Nancy Segal spent nine years working on MISTRA as a postdoc and center director, and we highly recommend her fascinating accounts of the study (Segal, Reference Segal1999, Reference Segal2005, Reference Segal2012), the latter of which contains quantitative and methodological details of interest to scholars. The impression left by her books is that MISTRA was a spine-tingling encounter with a natural phenomenon close to the heart of nature, the kind of experience that every scientist should get to have at least once.
In addition to continuing work on IQ using twin and adoption studies, Minnesota’s contributions to research on the genetics of intelligence over the past decade include taking part in several GWAS of IQ and related traits (Lee et al., Reference Lee, Wedow, Okbay, Kong, Maghzian, Zacher, Nguyen-Viet, Bowers, Sidorenko, Karlsson Linnér, Fontana, Kundu, Lee, Li, Li, Royer, Timshel, Walters, Willoughby and Cesarini2018; Okbay et al., Reference Okbay, Beauchamp, Fontana, Lee, Pers, Rietveld, Turley, Chen, Emilsson, Meddens, Oskarsson, Pickrell, Thom, Timshel, de Vlaming, Abdellaoui, Ahluwalia, Bacelis, Baumbach and Benjamin2016; Rietveld et al., Reference Rietveld, Medland, Derringer, Yang, Esko, Martin, Westra, Shakhbazov, Abdellaoui, Agrawal, Albrecht, Alizadeh, Amin, Barnard, Baumeister, Benke, Bielak, Boatman, Boyle and Koellinger2013; Sniekers et al., Reference Sniekers, Stringer, Watanabe, Jansen, Coleman, Krapohl, Taskesen, Hammerschlag, Okbay, Zabaneh, Amin, Breen, Cesarini, Chabris, Iacono, Ikram, Johannesson, Koellinger, Lee and Posthuma2017). For decades, behavioral genetics, and especially research on the genetics of intelligence, has elicited great hostility and disbelief. Twin and family studies provided estimates of heritability, but could not pinpoint any specific genes or biological mechanisms. Although mechanisms remain unclear, we can now confidently say that the causal genes as a whole tend to be disproportionately expressed in the brain, and are involved in the biological processes of ‘regulation of nervous system development, central nervous system neuron differentiation, and regulation of synapse structure or activity’ (Savage et al., Reference Savage, Jansen, Stringer, Watanabe, Bryois, De Leeuw, Nagel, Awasthi, Barr, Coleman, Grasby, Hammerschlag, Kaminski, Karlsson, Krapohl, Lam, Nygaard, Reynolds, Trampush and Posthuma2018, p. 913). One of the many follow-up lines of research in the wake of these GWAS has provided strong evidence that brain size is not only a correlate but a cause of intelligence (Grasby et al., Reference Grasby, Jahanshad, Painter, Colodro-Conde, Bralten, Hibar, Lind, Pizzagalli, Ching, McMahon, Shatokhina, Zsembik, Thomopoulos, Zhu, Strike, Agartz, Alhusaini, Almeida, Alnæs and Medland2020; Jansen et al., Reference Jansen, Nagel, Watanabe, Wei, Savage, de Leeuw, van den Heuvel, van der Sluis and Posthuma2020; Lee et al., Reference Lee, McGue, Iacono, Michael and Chabris2019). Recall that one of the first publications about intelligence from Minnesota was Paterson’s (Reference Paterson1930) critical review of the research on physical correlates of intelligence done until that point. The more recent work allows us to close this section with a bit of symmetry and an example of the progress that does occasionally occur in scientific psychology.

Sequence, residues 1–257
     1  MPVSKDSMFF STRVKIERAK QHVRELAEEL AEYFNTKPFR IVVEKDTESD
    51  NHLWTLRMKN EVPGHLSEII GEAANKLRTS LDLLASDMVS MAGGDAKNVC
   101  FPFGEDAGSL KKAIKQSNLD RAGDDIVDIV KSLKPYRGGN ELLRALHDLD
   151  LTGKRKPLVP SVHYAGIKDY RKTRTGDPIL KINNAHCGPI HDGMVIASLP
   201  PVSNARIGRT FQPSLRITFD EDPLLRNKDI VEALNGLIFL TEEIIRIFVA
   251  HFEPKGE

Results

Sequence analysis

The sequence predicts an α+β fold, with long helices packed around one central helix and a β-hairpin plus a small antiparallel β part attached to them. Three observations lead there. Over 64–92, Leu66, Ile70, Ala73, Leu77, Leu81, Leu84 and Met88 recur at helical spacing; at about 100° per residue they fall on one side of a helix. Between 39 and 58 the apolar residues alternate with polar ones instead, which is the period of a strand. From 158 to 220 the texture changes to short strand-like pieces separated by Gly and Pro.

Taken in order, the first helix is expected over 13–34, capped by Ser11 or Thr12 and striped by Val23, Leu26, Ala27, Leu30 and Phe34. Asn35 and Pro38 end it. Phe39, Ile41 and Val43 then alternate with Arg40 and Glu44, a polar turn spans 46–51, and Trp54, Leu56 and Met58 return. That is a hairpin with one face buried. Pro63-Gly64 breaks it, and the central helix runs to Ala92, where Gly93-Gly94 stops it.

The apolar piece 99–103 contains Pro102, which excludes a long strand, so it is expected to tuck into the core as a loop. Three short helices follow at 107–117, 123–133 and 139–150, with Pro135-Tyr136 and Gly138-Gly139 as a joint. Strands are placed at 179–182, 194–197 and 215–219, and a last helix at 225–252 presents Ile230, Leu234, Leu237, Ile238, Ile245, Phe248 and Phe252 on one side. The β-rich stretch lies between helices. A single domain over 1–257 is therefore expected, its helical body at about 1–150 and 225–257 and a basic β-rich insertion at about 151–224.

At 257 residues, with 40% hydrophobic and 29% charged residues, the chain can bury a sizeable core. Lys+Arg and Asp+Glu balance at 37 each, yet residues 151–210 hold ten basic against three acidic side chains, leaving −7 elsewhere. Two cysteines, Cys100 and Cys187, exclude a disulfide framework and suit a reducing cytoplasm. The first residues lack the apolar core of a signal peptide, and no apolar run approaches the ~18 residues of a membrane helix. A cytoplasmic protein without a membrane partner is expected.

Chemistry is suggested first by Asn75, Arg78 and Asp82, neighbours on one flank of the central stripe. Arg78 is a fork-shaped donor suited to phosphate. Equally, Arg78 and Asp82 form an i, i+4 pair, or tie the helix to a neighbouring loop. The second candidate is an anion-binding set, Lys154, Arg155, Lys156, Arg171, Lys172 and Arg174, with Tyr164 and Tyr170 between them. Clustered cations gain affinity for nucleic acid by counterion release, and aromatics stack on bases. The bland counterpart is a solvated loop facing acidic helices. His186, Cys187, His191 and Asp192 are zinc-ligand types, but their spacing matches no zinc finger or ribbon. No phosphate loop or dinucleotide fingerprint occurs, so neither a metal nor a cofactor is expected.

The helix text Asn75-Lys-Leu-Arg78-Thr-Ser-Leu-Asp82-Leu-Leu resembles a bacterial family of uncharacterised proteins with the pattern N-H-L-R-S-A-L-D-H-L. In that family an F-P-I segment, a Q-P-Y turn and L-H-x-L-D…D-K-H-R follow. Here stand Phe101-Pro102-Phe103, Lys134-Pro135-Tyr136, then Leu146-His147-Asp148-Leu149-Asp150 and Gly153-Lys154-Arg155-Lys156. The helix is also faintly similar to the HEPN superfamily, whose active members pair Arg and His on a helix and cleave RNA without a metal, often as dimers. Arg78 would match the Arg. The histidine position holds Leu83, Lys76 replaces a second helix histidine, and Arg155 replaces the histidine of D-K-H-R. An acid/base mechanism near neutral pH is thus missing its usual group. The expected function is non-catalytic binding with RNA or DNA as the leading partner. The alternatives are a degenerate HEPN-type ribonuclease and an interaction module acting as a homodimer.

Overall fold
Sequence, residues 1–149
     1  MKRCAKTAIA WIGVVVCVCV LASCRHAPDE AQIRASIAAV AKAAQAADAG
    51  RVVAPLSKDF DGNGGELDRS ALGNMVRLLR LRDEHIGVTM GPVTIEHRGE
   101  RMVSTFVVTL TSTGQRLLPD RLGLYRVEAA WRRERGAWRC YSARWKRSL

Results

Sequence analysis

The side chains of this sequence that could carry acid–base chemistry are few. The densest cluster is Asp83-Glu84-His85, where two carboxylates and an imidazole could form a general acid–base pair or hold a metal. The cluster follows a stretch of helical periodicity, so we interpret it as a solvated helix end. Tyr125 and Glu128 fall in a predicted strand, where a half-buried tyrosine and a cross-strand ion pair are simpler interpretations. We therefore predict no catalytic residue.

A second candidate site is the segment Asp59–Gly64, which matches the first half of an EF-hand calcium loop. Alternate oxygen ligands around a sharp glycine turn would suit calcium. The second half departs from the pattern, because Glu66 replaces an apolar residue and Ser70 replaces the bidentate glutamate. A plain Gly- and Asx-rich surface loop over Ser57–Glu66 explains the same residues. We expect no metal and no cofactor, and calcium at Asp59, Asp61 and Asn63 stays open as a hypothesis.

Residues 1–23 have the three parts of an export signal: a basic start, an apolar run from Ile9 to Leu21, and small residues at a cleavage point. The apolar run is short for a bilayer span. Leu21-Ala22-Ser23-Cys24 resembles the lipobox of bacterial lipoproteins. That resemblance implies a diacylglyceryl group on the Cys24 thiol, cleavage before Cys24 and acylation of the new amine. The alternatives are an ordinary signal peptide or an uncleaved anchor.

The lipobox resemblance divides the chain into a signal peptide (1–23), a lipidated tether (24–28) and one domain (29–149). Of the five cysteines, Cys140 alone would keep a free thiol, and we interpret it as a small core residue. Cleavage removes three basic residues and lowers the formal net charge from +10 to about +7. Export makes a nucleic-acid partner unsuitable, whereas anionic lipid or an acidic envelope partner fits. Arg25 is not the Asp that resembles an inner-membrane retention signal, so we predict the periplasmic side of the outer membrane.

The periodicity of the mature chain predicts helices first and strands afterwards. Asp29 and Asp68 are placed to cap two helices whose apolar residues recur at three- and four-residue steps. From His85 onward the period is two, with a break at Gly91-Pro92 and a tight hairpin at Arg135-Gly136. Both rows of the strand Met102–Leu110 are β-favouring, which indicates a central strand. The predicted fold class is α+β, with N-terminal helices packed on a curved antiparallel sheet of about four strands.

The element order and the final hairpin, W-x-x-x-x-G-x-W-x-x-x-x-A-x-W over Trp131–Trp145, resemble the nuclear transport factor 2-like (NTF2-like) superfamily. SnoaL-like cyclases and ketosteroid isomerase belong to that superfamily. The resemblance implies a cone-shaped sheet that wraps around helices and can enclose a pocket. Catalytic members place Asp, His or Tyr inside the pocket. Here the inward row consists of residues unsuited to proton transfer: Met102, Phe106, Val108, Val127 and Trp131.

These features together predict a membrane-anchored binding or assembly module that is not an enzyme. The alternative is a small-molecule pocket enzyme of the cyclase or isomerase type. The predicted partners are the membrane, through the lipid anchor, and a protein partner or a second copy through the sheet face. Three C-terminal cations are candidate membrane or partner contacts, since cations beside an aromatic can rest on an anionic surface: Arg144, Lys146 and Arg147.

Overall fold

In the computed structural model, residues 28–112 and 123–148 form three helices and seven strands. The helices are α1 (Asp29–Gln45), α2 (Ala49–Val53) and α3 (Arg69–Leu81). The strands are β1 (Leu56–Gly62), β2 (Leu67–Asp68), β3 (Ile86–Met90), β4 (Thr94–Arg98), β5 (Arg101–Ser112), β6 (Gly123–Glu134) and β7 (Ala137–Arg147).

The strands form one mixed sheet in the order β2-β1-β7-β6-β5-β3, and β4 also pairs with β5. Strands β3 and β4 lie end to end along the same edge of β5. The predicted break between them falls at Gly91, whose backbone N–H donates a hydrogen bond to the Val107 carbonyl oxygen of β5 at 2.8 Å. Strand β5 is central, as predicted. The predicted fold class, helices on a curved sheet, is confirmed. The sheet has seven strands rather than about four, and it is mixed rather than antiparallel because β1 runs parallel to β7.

Other Individual Differences
Early Minnesota psychologists such as Gardner Lindzey and David Lykken were at the forefront of genetic research in a wide range of traits. Perhaps the most notable was genetic research into personality and temperament, which began as early as the 1950s with, as was typical for the time, studies on rats and mice. Lindzey, Lykken, and Winston, for example, demonstrated in a 1960 paper that four separate breeding lines of mice — whose parent animals were chosen from colonies with markedly different behavioral tendencies — performed differently on tests of timidity, emotionality and exploration after 27 to 93 generations of selective breeding (Lindzey et al., Reference Lindzey, Lykken and Winston1960). The same study observed that mice from all strains that were subjected to infantile trauma scored higher on tests of emotionality than their same-strain control brethren, indicating strong evidence for both genetic and environmental sources of variance in mouse behavior.